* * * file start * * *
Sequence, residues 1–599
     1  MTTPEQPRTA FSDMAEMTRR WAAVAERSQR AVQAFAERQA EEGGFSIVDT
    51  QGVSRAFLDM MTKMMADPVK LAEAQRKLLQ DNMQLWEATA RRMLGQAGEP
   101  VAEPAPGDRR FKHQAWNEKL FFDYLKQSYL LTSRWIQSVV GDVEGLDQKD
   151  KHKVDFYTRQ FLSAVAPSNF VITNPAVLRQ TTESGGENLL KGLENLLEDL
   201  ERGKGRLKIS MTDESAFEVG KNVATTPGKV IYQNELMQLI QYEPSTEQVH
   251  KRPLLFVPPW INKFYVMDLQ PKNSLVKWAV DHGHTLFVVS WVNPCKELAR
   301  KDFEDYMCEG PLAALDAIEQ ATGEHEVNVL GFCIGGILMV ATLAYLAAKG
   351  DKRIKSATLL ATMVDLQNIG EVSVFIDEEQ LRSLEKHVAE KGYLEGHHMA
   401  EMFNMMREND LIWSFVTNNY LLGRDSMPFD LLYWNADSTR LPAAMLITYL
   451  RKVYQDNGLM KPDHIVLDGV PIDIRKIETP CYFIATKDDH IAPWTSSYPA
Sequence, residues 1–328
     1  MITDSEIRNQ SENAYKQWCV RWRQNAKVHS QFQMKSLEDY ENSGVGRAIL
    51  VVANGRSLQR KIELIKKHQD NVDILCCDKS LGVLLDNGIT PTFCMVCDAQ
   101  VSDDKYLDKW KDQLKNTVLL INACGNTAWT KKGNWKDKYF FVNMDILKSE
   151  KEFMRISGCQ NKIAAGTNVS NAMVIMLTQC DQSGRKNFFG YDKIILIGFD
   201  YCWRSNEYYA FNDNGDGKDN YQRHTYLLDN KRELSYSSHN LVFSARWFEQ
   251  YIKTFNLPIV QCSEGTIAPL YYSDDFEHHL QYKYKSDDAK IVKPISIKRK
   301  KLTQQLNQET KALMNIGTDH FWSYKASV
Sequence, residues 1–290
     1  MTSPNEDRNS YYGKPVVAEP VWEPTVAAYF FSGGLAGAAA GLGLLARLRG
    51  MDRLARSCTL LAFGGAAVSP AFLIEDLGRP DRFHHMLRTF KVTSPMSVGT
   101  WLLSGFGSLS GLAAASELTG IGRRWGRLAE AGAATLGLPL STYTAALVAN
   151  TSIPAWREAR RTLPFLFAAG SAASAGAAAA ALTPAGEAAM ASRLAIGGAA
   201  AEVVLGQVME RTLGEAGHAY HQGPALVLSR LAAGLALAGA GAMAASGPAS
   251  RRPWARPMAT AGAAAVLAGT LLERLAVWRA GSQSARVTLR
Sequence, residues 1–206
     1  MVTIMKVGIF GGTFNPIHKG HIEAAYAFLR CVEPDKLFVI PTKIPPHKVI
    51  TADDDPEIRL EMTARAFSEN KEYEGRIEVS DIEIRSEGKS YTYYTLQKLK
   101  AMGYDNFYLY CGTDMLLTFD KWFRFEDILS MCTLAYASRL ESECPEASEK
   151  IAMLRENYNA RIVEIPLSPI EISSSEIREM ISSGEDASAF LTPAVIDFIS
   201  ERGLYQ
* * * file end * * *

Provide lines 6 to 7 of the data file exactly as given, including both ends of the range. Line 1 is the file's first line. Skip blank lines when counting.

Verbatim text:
   201  ERGKGRLKIS MTDESAFEVG KNVATTPGKV IYQNELMQLI QYEPSTEQVH
   251  KRPLLFVPPW INKFYVMDLQ PKNSLVKWAV DHGHTLFVVS WVNPCKELAR